Thursday, 7 November, 2013
I didn’t know that Samuel Langhorne Clemens, also known as Mark Twain, had, after his death, written a book, titled “Jap Herron”, but if we are to take Emily Grant Hutchings, likewise a writer, at her word, then Twain’s last tome, was dictated to her by way of an Ouija board.
Jap Herron was a novel written, supposedly, by a deceased Mark Twain from beyond the grave, dictated via the medium of a Ouija board. The scribe (faithfully taking down notes, or perhaps a little more than just that, depending on your view) was Emily Grant Hutchings, a woman who had actually corresponded with Twain 15 years earlier.
It is to be hoped, surely, that more of our favourite deceased authors will grace us with further novels in the same fashion.
Mark Twain, supernatural, writing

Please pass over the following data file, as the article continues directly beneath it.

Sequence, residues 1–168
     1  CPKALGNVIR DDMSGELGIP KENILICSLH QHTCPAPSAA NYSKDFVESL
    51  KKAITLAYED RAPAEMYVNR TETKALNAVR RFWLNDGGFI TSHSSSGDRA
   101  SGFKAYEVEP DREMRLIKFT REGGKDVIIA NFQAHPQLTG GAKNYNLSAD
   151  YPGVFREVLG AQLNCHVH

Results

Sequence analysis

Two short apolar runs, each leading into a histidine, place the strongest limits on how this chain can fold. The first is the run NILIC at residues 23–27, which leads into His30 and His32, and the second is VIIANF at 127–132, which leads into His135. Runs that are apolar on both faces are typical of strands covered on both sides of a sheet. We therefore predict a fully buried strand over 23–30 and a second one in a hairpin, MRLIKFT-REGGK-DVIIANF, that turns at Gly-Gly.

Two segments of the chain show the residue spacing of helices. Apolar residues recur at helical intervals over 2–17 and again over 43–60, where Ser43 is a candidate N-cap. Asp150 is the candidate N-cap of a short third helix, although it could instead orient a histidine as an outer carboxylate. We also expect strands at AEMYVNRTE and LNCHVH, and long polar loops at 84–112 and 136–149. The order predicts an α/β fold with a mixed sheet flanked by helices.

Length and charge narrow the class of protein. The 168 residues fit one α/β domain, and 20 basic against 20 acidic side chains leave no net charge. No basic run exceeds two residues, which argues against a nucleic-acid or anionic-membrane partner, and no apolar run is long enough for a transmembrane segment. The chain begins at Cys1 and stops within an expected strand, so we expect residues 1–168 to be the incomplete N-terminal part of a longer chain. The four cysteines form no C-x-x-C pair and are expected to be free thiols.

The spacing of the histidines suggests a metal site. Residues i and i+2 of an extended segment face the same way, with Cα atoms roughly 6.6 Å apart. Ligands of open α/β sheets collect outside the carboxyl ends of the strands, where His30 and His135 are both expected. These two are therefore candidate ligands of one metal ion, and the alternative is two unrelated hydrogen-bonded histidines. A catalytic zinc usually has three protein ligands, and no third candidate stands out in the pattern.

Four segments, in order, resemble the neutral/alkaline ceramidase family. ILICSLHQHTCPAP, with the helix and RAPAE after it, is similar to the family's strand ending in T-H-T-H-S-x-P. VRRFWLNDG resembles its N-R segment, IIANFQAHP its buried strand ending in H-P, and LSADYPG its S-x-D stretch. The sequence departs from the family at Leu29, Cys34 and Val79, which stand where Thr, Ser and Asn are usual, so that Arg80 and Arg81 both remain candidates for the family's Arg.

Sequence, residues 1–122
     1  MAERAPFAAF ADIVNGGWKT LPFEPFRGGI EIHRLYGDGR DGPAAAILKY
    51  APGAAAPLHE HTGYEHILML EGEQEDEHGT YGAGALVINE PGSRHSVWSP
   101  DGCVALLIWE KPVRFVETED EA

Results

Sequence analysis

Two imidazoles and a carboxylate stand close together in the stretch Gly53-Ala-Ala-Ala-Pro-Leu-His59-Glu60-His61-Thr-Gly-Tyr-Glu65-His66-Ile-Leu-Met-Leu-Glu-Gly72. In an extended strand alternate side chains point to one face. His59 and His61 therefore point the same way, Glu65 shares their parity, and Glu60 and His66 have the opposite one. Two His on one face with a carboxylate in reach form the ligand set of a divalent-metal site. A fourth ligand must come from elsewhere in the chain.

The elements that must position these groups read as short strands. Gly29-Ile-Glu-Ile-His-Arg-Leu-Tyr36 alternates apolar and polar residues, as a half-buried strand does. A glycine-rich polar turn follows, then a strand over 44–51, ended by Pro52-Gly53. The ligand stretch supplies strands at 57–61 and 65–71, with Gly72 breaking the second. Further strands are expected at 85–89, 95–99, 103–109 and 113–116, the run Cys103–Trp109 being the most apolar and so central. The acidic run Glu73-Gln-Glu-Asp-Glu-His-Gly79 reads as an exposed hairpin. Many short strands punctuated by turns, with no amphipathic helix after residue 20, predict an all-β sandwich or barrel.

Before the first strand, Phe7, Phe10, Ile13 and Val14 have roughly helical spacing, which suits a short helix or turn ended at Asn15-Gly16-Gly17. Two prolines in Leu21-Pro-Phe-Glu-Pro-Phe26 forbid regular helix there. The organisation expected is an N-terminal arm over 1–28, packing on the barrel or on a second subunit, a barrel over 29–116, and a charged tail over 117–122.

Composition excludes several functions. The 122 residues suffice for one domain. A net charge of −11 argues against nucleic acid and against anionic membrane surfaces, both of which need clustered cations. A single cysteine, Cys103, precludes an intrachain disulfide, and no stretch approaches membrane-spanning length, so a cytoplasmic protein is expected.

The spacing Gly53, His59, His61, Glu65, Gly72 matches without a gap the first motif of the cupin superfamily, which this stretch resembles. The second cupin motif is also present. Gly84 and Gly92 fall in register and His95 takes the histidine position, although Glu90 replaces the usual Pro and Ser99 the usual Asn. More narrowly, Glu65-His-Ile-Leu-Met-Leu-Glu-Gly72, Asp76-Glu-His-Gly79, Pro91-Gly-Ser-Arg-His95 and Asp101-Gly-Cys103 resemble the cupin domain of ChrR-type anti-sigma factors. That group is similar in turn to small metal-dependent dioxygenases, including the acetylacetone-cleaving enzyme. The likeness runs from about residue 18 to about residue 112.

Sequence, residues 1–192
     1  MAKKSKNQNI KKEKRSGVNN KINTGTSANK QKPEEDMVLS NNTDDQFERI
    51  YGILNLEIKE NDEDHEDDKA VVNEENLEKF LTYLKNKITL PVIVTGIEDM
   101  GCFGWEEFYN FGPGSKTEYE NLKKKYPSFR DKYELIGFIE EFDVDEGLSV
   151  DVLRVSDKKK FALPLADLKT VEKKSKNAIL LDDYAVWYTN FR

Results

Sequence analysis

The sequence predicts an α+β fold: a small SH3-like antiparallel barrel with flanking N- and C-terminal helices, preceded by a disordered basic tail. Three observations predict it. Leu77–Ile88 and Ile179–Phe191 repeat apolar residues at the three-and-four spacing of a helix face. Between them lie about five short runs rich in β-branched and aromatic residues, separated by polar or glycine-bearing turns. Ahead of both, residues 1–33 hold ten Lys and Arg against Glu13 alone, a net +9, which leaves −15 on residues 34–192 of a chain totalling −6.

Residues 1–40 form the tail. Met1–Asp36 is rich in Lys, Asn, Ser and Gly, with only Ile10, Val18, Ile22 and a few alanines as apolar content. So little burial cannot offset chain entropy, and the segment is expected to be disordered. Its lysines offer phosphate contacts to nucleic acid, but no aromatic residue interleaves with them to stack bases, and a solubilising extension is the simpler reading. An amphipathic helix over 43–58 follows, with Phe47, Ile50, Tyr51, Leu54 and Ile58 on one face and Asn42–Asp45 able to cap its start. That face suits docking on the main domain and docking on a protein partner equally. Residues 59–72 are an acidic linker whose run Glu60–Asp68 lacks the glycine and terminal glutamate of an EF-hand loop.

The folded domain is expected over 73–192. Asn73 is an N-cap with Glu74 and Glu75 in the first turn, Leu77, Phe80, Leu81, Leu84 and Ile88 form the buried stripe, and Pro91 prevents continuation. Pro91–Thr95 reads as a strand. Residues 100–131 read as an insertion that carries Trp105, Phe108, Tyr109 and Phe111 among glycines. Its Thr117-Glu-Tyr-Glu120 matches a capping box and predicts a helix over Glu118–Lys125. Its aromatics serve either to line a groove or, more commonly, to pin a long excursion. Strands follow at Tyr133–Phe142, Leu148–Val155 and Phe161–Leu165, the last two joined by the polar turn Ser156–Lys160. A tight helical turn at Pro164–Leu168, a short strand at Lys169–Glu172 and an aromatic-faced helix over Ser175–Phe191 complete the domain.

Wednesday, 6 November, 2013
From the way Dan Sturges, a Manhattan based paranormal investigator speaks, detecting the presence of a ghost is almost the same as picking up on the mood in, say, a crowded room:
Sturges speaks about what he does as if it were an ordinary blue-collar job, like plumbing or carpentry. When asked if he can pick up on psychic phenomena, he shrugs and answers: “I think that everybody does on some level. When you walk into a room where there was a big giant fight and the tension’s so thick you can cut it with a knife – that’s picking up energy. When you watch two people meet for the first time and you’re like – they’re totally going to hook up. Or when you know you’re going to hook up with somebody – that’s energy. You just know.”